As part of any major release process, I do full audits of the code base. This was something I learned while contributing to OpenBSD and similar projects, where code quality and security is taken very seriously. So unsurprisingly, as I'm rolling out
v4.0 of the Stringier libraries, I've been doing an audit. Since I don't have Core done yet, I'm not ready to talk about the specific functions inside of it. So, apologies for the delays, but it's because there's actually a lot involved in this audit. And that is what we'll be going over, because this is an opportunity to share some useful general optimization knowledge, and voice some criticisms of .NET. But in order to do this, we first need to talk about why this project exists on .NET at all.
Interning is a very powerful optimization. I'll let you read straight from the article, but the general idea is that you're greatly reducing memory pressures, and speeding up common string operations like equality, which is used extensively.
The CTS & CLS has additional benefits. While, sure, we could always bind to a specific languages conventions, and despite this normally only be doing with C, there are languages out there that support multiple languages, some even rather complex. But if the mechanism to do this is standard, then, that's even better.
So that's why I went with .NET for this project. While there's other things that offer cross language compatibility, they are often operating specific, like the Common Language Environment on OpenVMS or Component Object Model on Windows, or are commercial compiler specific, like Elements from RemObjects. So if I'm going to support this kind of thing, and I want to, I either need to roll my own mechanism, do the Ada thing with standardizing import conventions for multiple different languages, or reuse an existing mechanism. Writing on top of .NET just made sense.
So what is this project, exactly? Simply put, Stringier intends to be the most full featured and comprehensive text processing API in the world. First and foremost, it intends to be the most user-friendly and correct. Performance is a very strong goal as well. But it also happens to intend to be a large part of another languages standard library, and even runtime library. More on that in a later post, but this is part of why cross language compatibility is so important.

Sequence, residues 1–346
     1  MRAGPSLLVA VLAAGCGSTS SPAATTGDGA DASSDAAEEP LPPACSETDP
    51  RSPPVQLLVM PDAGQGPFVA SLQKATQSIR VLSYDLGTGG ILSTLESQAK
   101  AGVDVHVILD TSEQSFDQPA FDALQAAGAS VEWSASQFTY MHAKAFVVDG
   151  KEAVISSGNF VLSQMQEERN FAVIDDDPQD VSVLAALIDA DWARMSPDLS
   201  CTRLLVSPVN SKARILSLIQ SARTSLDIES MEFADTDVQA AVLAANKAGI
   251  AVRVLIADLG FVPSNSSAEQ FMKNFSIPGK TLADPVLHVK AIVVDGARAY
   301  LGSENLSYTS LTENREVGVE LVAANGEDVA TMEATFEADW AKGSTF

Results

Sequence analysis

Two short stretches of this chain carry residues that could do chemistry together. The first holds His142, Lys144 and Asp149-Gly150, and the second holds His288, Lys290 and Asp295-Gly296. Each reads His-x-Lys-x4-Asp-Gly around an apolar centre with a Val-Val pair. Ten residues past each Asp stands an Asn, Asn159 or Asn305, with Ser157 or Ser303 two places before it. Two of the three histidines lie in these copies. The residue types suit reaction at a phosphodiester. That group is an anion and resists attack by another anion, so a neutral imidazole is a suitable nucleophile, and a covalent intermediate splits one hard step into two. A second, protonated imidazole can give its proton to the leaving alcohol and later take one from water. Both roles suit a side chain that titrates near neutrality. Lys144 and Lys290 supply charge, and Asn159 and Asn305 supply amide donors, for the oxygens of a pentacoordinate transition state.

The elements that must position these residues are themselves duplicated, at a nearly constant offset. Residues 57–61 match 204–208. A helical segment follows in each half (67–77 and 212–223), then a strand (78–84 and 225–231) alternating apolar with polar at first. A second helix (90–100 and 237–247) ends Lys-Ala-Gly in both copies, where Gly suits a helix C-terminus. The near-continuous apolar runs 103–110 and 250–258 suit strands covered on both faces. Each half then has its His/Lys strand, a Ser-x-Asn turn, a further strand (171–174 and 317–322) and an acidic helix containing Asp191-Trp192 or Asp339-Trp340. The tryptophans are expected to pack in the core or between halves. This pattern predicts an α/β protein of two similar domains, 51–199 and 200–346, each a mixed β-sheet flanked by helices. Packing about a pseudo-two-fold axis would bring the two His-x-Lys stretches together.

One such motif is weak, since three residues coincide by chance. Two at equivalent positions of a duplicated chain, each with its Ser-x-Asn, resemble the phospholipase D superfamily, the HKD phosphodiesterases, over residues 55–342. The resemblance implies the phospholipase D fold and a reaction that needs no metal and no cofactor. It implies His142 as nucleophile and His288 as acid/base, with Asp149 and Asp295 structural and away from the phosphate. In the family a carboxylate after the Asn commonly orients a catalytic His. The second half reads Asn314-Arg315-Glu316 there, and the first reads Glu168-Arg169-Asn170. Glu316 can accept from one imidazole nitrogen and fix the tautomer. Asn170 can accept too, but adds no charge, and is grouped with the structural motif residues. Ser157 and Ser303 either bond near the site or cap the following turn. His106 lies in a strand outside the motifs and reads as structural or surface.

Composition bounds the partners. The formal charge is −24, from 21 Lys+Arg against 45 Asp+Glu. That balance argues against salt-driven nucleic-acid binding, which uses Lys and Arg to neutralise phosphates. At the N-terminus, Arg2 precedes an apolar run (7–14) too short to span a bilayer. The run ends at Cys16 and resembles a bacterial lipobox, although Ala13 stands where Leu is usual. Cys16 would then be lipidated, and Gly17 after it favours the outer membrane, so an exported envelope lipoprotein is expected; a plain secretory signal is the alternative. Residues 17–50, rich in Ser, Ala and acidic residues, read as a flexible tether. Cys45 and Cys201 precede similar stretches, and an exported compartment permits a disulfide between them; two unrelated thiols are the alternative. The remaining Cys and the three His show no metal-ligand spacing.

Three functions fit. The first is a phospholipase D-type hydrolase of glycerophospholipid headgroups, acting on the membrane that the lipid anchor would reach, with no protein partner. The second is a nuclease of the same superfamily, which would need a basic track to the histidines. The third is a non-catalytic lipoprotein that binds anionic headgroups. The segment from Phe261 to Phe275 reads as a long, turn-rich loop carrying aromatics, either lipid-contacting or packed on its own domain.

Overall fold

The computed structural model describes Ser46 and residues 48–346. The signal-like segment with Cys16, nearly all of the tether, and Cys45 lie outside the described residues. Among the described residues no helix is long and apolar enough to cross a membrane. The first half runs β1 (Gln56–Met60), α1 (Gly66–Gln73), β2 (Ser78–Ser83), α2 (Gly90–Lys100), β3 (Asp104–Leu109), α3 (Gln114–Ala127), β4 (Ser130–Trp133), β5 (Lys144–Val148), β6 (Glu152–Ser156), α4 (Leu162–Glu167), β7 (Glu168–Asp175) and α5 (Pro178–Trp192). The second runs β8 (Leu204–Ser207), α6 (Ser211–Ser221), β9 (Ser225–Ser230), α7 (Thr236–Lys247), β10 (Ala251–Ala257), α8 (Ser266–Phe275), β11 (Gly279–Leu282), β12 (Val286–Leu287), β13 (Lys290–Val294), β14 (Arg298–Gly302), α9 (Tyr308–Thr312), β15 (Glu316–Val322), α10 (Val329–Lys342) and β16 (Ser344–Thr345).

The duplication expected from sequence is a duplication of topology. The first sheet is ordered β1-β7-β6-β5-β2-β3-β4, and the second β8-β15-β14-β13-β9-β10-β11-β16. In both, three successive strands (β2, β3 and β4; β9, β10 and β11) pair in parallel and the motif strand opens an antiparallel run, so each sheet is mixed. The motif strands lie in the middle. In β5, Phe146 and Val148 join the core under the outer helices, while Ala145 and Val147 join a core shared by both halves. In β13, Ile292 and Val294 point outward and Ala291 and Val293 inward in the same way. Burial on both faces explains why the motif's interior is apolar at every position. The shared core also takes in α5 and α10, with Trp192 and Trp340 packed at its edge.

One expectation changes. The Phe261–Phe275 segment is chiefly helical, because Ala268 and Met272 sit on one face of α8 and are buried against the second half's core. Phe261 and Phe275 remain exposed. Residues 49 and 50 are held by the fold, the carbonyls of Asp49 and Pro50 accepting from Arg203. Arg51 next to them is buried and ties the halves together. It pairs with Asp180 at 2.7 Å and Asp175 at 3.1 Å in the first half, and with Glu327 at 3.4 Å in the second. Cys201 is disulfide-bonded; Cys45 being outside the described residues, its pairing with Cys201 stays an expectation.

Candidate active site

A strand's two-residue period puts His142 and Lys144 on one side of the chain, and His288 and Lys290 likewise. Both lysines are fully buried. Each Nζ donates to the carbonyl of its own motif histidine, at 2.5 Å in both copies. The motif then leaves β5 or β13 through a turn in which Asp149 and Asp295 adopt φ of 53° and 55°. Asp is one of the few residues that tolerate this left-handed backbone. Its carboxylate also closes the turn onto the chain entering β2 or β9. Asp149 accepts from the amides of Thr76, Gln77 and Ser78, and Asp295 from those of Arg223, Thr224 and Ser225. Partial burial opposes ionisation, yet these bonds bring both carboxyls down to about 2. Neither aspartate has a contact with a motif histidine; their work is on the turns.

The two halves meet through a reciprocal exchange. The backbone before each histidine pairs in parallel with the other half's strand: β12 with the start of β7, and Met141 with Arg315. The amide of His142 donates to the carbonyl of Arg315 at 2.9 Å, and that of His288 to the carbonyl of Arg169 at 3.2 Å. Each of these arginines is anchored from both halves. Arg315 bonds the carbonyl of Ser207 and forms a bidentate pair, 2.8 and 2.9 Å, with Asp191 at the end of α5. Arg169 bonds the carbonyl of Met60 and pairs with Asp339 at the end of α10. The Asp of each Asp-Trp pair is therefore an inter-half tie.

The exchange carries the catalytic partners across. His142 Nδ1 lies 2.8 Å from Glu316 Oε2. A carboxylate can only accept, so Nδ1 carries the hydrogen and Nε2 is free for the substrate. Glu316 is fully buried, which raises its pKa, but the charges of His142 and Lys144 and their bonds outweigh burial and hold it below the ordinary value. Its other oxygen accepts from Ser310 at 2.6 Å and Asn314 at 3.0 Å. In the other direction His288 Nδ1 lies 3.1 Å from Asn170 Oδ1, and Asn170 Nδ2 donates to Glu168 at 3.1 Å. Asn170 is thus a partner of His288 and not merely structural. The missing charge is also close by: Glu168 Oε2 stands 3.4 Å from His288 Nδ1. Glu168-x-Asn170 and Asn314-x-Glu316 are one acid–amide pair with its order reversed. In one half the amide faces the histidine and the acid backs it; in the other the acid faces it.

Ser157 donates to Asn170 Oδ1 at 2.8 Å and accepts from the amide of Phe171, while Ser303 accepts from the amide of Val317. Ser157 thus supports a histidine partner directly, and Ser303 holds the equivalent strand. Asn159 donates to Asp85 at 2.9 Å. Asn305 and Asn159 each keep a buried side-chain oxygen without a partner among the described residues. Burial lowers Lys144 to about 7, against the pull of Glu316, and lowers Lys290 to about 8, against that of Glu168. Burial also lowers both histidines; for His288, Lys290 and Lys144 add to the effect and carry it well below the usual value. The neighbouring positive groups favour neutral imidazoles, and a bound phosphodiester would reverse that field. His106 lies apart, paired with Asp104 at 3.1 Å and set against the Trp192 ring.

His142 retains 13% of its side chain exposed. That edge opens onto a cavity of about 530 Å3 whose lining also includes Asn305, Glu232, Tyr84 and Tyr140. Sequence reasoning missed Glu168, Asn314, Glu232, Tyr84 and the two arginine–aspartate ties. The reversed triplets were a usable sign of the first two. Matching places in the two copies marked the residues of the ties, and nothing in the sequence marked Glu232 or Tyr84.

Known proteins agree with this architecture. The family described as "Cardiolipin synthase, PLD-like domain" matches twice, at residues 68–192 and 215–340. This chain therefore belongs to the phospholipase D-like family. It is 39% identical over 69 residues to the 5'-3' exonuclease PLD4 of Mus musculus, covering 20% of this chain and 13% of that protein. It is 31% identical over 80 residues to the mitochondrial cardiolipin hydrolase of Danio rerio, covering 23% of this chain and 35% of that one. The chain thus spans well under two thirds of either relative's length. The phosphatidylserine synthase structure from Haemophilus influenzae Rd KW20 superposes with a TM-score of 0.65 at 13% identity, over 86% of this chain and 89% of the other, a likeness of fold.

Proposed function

I mentioned changes. There's a lot of changes coming, hence the major version bump. While working on the Patterns engine, a major source of optimization I had done was reducing the memory allocations as much as possible. In fact, parsing doesn't involve a single memory allocation anywhere on the heap, and barely anything to the stack (just a single reference slice as a ReadOnlySpan). It might be the worlds first allocationless parser framework. But this specific optimization isn't unique to parsing. Remember the whole point of interning? Well reference slicing is another way to accomplish that goal. It only works with contiguous memory, like arrays, but reference slicing is actually more effective than interning in that situation. See, Core was originally constructing new strings all over the place, even when it didn't need to. Many operations actually have their entire result exist within the source text.
Trim() is a fantastic example of this. No string interning system will not-allocate a new string for the result. It might be interned, but it's still duplicated. Through reference slicing we can reduce allocations even further. And because allocation onto the heap, a check against the intern pool, and possible internment, are all avoided, the actual functions are faster.
Core is using a new public API design, whereby
ReadOnlySpan<Char> is the return type used for every function that does not allocate, and
String is used by every function that does allocate. This wouldn't matter much, as